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I'm getting ready to but a lawn mower. My yard isn't huge, but big enough to need a riding mower. The back yard is pretty much a hill. It is cuttable, as when the house was vacant, a commercial landscape company cut it, and pretty sure by looking at the lawn they didn't puch mow it...
My budget is fairly low, just looking at the standard and am wondering if I should look at anything in particular between the models that would do better on the hills.
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Depends on how steep. Either way I'd be looking for an older one. Newer ones the transmissions are crap which is exaggerated even more so by running on hills.
I'd be looking for something like an older Cub, or Wheel horse or Deere, my preference on hills would be a gear trans rather than the hydro.
So look at honest to goodness GARDEN tractors not "LAWN" tractors as the garden tractors are built better, sturdier and parts for 40-50-ish year old machines even, most wear parts are still available for. Not saying you "have to" necessarily go that old to get a good machine but remember that old tractor will probably still be mowing, long after a new one bought today from your favorite box store has gone to crap.

On things like gauge wheels, blades, belts, bearings, etc//
many, if not most cases, on these older machines, you don't have to buy exactly OEM anyway, the aftermarket ones you buy may well have been who the company sourced the original parts from to begin with!!!!
 

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Agreed with the above answer but will add that my son has a White GT H2550 , nice tractor but the hydro is belt driven cutting up and down the small hill along his pond really taxes that belt end hydro where as my John Deere 318 is driveshaft to the hydro and has no issues . Also on the JD it has individual rear brakes so mower across hills you can slightly applie the brakes on the upper side to keep the wheel from spinning .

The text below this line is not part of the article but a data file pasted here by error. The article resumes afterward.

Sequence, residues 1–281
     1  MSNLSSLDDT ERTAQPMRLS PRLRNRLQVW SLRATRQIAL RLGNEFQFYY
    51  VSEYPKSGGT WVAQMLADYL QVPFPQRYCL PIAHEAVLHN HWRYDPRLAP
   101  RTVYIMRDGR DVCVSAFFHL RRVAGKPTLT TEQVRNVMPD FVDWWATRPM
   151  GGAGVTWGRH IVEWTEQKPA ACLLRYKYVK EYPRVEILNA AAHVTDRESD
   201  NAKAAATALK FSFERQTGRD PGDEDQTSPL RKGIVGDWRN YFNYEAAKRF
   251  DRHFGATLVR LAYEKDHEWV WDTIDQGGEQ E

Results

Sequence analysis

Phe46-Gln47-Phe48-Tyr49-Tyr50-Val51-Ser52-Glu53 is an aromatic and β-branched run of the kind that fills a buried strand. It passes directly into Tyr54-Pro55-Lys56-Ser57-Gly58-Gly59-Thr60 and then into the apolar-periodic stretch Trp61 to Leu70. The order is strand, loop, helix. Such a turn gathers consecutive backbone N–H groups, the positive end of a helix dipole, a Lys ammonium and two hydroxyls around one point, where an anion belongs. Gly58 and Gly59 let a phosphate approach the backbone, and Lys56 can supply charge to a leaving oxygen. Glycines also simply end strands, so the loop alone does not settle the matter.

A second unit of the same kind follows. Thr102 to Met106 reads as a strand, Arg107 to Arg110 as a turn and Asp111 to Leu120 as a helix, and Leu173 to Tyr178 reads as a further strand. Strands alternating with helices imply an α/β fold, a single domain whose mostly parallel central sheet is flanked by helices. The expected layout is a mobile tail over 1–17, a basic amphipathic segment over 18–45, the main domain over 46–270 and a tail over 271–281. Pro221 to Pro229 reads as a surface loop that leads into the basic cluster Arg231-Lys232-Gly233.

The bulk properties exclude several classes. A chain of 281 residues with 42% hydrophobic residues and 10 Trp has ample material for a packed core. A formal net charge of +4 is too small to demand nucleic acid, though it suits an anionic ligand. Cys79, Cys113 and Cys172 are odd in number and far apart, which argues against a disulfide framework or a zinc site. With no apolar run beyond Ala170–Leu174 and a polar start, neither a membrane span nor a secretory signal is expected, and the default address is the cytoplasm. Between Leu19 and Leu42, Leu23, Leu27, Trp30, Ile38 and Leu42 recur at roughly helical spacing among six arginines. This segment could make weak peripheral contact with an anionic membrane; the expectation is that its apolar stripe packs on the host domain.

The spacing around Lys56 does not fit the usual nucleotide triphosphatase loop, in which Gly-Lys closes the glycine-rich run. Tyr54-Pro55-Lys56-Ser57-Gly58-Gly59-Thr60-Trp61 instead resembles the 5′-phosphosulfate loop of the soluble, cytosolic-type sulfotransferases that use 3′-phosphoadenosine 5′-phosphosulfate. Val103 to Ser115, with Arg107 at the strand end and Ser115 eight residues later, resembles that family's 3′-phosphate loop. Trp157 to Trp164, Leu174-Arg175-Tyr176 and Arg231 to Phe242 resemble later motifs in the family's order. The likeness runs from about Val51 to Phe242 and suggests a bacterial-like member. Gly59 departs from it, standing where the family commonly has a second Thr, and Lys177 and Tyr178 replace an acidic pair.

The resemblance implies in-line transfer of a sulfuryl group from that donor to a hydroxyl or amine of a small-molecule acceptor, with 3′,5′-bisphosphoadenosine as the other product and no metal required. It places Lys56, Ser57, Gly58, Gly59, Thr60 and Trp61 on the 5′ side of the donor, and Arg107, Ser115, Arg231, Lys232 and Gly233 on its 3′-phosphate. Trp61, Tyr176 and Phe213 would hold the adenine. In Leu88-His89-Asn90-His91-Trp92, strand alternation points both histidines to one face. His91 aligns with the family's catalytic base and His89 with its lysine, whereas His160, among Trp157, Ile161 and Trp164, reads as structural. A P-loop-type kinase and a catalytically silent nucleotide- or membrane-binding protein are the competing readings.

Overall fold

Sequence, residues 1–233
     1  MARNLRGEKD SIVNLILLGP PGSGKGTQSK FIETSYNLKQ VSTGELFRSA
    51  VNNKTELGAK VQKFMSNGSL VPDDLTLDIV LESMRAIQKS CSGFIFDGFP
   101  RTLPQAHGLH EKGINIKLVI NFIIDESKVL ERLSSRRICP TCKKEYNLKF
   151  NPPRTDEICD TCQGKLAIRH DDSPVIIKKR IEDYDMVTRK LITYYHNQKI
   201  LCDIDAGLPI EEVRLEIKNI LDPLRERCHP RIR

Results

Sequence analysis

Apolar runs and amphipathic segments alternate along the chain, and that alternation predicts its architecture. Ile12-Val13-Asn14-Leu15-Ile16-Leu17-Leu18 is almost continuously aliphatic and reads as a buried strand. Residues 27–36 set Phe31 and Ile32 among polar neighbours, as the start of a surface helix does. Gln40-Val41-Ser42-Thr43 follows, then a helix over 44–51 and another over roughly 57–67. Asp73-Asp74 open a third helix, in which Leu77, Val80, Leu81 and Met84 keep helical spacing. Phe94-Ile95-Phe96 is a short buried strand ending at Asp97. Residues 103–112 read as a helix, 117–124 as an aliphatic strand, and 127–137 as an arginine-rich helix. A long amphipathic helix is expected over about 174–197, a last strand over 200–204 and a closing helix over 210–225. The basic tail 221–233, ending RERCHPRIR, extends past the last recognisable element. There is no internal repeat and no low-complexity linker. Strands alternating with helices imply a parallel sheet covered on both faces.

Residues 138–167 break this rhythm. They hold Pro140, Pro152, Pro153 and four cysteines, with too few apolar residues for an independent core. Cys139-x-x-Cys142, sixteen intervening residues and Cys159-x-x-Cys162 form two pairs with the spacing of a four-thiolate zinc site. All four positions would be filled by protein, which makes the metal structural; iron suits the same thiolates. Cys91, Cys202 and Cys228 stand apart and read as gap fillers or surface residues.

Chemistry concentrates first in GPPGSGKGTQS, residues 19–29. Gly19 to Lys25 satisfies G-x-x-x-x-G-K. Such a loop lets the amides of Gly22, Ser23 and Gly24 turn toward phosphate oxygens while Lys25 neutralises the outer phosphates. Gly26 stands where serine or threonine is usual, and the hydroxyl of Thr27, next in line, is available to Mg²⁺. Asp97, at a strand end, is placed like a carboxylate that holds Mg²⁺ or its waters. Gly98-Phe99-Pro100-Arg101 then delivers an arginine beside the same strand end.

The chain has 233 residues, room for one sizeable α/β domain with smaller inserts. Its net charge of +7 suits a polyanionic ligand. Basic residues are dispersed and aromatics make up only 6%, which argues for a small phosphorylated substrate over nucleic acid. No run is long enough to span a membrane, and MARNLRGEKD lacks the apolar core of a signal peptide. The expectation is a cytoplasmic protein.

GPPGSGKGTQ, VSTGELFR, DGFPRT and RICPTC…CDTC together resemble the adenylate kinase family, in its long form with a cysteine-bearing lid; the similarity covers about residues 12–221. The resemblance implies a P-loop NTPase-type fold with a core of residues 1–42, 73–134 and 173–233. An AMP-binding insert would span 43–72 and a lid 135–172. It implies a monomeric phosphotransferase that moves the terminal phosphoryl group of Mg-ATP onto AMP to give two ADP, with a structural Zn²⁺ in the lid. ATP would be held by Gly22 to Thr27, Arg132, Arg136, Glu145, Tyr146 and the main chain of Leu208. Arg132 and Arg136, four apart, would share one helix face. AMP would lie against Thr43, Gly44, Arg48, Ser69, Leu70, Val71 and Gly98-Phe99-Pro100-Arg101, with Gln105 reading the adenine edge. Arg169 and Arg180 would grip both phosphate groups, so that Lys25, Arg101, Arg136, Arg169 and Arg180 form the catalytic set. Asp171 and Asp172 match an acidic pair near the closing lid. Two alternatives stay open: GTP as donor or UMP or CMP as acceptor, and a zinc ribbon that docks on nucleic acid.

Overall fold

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A lot will depend on that slope. Yes, a lot of older equipment will give more satisfaction. What to get depends on whats available in your neck of the woods!
 
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If you are looking for something like these, make sure it has a low center of gravity, a pressure lube engine, a tough transaxle, steering brakes or lockers, and power steering. Outfit it with rib front tires, HDAP rear tires, and have those filled with RimGuard to lower your center of gravity even more.
 

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I'm getting ready to but a lawn mower. My yard isn't huge, but big enough to need a riding mower. The back yard is pretty much a hill. It is cuttable, as when the house was vacant, a commercial landscape company cut it, and pretty sure by looking at the lawn they didn't puch mow it... My budget is fairly low, just looking at the standard and am wondering if I should look at anything in particular between the models that would do better on the hills. Thanks
This is the best opinion for you! I think this is the best lawnmower
 

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Agreed with the above answer but will add that my son has a White GT H2550 , nice tractor but the hydro is belt driven cutting up and down the small hill along his pond really taxes that belt end hydro where as my John Deere 318 is driveshaft to the hydro and has no issues . Also on the JD it has individual rear brakes so mower across hills you can slightly applie the brakes on the upper side to keep the wheel from spinning .
A 1000 lb GT will be hard pressed to require as much as 8 hp to the rear wheels while mowing a steep slope. A properly tensioned A-section V- belt will deliver up to 15 hp.

The MF1655 uses a matched pair of V-belts to turn the drive shaft that powers the hydro and both the belts and drive shaft will survive an over-power that will break the differential.

In GTs, there is little difference between the effectiveness of belt drives and shaft drives. Belts take a bit more effort to maintain belt tension, but they are cheap to replace. Drive shafts need less maintenance but are much more costly to replace.
 
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